WRENS, Ga. — The days appear numbered for two of Wrens’ tallest features.
Safety concerns have the city planning to remove both the water tower over City Hall and the live oak tree in the center of Veterans’ Memorial Park.
Mayor Lester Hadden said every time a strong windstorm blows through town, he worries about the old, rusted tower and the tree’s dying limbs and the damage and injuries they could cause.
“It’s dangerous and needs to come down,” Hadden said of the water tower. “Not only is it old and difficult to work on, requiring a crane to reach the top because it’s no longer safe to climb, but it’s also covered in old lead paint.”
The tank was a part of the city’s first waterworks system, built after a November 1925 bond vote.
Hadden said the emergency communications antennas used by the county’s 911 services are on the water tower, but those devices are expected to be moved.
“Once the new tower is up, we want to spend a couple of weeks making sure that it is working like it needs to, and then we’ll begin making preparations to take down the water tower,” Hadden said.
The scrap metal in the tower is likely to be a part of the deal with the contractor who takes it down, the mayor said.
“We looked at what it would take to take care of the water tower,” Hadden said. “It’s going to cost around $17,000, we think, to take it down, but it would be $85,000 to fill it with concrete and paint it, and that doesn’t even cover the danger of it falling. The footings are rusting out. It just isn’t safe.”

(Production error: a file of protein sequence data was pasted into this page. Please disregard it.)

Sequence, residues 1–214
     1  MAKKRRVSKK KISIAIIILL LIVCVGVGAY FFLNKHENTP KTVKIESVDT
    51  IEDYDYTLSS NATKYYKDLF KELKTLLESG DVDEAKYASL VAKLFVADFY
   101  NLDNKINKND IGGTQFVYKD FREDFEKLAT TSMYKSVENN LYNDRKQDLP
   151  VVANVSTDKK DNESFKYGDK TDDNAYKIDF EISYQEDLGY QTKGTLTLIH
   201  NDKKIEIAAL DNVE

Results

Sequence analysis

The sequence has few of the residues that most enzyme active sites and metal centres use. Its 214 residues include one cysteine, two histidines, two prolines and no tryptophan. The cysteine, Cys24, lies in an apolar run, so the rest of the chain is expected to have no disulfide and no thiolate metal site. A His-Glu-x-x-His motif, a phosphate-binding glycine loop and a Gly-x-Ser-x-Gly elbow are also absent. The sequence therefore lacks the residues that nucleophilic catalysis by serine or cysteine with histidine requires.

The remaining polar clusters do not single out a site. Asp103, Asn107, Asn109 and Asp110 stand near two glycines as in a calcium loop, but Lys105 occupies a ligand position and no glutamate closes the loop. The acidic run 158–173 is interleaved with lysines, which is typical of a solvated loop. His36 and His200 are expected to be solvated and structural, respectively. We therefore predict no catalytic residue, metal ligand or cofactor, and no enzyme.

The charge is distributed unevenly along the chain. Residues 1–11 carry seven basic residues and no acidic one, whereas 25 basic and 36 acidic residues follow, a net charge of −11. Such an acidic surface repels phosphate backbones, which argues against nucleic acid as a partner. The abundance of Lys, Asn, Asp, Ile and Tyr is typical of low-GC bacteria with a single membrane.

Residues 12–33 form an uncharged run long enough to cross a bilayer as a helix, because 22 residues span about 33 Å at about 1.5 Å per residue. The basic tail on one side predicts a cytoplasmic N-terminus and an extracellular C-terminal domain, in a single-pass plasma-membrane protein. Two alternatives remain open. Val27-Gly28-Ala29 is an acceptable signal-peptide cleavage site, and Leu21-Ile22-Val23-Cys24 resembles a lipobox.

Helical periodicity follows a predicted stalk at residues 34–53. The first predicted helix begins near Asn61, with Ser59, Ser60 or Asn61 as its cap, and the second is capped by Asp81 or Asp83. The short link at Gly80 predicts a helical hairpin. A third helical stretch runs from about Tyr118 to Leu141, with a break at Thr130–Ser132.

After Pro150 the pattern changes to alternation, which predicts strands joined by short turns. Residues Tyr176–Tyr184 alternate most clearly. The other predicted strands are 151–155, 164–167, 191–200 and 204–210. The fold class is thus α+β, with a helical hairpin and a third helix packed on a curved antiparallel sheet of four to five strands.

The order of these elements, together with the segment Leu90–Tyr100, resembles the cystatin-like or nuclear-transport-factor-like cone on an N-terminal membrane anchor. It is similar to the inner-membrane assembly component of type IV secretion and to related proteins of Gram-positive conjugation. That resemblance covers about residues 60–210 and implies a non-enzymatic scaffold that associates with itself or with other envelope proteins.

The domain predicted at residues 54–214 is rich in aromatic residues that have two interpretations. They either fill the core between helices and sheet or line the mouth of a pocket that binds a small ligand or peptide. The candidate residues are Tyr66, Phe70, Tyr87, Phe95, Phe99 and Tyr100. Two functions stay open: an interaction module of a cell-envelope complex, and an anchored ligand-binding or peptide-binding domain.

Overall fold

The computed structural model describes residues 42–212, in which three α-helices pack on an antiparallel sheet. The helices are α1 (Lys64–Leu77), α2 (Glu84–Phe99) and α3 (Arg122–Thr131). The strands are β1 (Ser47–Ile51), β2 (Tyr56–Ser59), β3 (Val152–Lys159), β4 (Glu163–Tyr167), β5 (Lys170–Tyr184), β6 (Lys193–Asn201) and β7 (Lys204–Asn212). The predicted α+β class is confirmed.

Hadden said the contractor who takes the tower down will cut it up and sell it for scrap, using the price he gets for the scrap metal to offset the city’s cost.
The oak tree in the veterans’ park behind the city’s post office is much older than the water tower. A paved skating rink surrounded it for more than 50 years before the park was built.
The city and its Better Hometown organization are afraid that storms and strong winds will eventually break off the tree’s limbs, which could damage the park’s benches, tables, brickwork, signs and monuments.
Tony Otis, the owner and operator of Otis Tree Service, said he believes that when the grading work was done for the park, the oak’s root system might have been disturbed.
“It’s everything coming together,” Otis said. “The damage, the weather … If the city doesn’t do something soon, one of those dead branches is going to fall out and do some real damage to the park.”
Wrens Better Hometown members Peggianne Chalker, Peggy Sheppard and Walter Hannah all said they would rather find some way to keep the tree, but after talking to people about it over the last few years, they have accepted that it is going to have to come down.
“We just hate to do this,” Chalker said. “We would much rather be able to keep the tree where it is, but it’s just hanging in there and it doesn’t look like we’re going to be able to save it.”
Under the tree is the city’s veterans’ memorial, which bears 780 names of area men and women who have served in the armed forces.
There are at least that many available bricks already in place for names to be added to the memorial in the future.
At $50 a brick, the Better Hometown members are afraid that if pieces of the tree damage the memorial, they will not have the money to repair or replace them.
“There’s probably $15,000 to $16,000 in the message boards, tables and benches alone,” Sheppard said. “It’s a beautiful old tree. We treated it and they’ve cut out the bad limbs.
“I just don’t know what else we can do.”